One of the parts that Simmons helped to fabricate was the glycol heater, which went inside the left wing of the aircraft and provided heat for the cabin. “No one will ever see it but we had to completely fabricate that from scratch and it is fully functional,” said Simmons. “But I know the work that went into it, and I know where it’s at, so it’s pretty neat.”

Boeing B-17F-10-BO Memphis Belle in flight. You can tell how war-weary the aircraft is just by looking at it. While the museum will not be restoring the aircraft with the grime, dents and scrapes shown in this image, the mottled camouflaged appearance will be close to the way it looks in this image. Note how much lighter the olive drab looks on the fabric covered control surfaces. Apparently these areas faded more quickly during her service life, and this tonal difference is being replicated on the restored aircraft to more closely represent the way the aircraft looked following her combat tour. (U.S. Air Force photo)

Among the most challenging aspects of the restoration of the Memphis Belle was painting the aircraft. The painting process lasted several months with plans calling for the aircraft to look as it did after completing its 25th mission, but before it went on the war bond tour. Authentic paint for the time period was used so that the aircraft would look as close as possible to that period in time. “We were looking at pictures down to the single rivets on the aircraft to try to get markings where they belong,” said Simmons. “You have a lot of different images from different sources, and you’re trying to match colors, but the color in every photograph is just a little different depending on how the film was developed. So the hardest part is getting it exactly the way it needs to be.”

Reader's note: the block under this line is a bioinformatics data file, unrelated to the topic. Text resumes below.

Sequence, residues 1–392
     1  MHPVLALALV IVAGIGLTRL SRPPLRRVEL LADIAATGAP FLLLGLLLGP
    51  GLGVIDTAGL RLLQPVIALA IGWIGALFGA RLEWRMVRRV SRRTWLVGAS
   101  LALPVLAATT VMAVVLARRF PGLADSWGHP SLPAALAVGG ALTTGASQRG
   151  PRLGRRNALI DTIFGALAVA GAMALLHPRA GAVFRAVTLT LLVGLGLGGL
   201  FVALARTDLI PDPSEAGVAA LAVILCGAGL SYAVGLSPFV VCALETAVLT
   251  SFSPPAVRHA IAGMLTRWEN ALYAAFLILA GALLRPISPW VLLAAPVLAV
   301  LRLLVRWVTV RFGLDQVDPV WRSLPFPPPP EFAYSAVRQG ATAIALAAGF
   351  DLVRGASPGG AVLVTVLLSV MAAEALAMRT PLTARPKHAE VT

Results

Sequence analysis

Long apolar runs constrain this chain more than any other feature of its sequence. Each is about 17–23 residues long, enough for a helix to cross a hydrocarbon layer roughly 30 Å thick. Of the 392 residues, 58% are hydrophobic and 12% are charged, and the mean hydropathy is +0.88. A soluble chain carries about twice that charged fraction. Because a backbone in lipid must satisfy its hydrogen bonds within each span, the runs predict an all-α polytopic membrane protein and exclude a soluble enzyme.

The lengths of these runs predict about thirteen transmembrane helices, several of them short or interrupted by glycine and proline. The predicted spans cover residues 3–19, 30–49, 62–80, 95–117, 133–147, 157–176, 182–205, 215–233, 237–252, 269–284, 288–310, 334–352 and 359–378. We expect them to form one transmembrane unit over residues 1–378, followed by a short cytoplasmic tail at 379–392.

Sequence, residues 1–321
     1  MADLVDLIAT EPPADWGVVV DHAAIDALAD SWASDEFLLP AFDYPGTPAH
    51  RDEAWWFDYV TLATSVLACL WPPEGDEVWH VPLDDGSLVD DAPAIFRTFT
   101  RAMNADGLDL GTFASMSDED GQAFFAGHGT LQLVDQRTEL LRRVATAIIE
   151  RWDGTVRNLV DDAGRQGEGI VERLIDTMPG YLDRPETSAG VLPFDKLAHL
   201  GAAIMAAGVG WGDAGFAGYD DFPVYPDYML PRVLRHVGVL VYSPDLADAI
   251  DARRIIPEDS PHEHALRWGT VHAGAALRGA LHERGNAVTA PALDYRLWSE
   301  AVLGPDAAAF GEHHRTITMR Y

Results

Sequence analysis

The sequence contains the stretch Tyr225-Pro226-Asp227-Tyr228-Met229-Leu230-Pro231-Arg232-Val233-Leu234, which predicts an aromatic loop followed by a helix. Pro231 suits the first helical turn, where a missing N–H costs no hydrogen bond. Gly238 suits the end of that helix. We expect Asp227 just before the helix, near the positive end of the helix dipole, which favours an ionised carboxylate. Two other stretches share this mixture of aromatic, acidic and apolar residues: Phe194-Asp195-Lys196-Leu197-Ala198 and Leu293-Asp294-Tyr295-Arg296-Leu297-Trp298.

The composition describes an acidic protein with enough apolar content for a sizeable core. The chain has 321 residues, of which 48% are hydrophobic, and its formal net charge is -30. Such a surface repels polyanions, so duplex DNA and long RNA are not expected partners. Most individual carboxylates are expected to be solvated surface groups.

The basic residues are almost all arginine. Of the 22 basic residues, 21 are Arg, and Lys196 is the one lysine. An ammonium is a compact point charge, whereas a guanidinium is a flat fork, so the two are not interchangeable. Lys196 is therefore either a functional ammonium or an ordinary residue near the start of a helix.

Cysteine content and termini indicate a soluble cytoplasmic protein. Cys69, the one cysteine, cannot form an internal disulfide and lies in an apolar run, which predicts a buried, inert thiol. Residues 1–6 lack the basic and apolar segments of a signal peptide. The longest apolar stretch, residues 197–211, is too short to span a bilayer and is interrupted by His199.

The crew of the “Memphis Belle” after their 25th mission: (l to r) TSgt. Harold Loch (top turret gunner/engineer), SSg.t Cecil Scott (ball turret gunner), TSgt. Robert Hanson (radio operator), Capt. James Verinis (copilot), Capt. Robert Morgan (pilot), Capt. Charles Leighton (navigator), SSgt. John Quinlan (tail gunner), SSgt. Casimer Nastal (waist gunner), Capt. Vincent Evans (bombardier), and SSgt. Clarence Winchell (waist gunner). (U.S. Air Force photo)

Even in going to those lengths, the color on the vertical tail and control surfaces are slightly different shades of green than the rest of the aircraft and Simmons has an explanation for that too. “When the aircraft first came out of the factory, it would have been pretty much one color of green,” said Simmons. “However, as you can see in the photographs from that time period after it completed its 25th mission, the paint began to fade and so we had to replicate that as well.”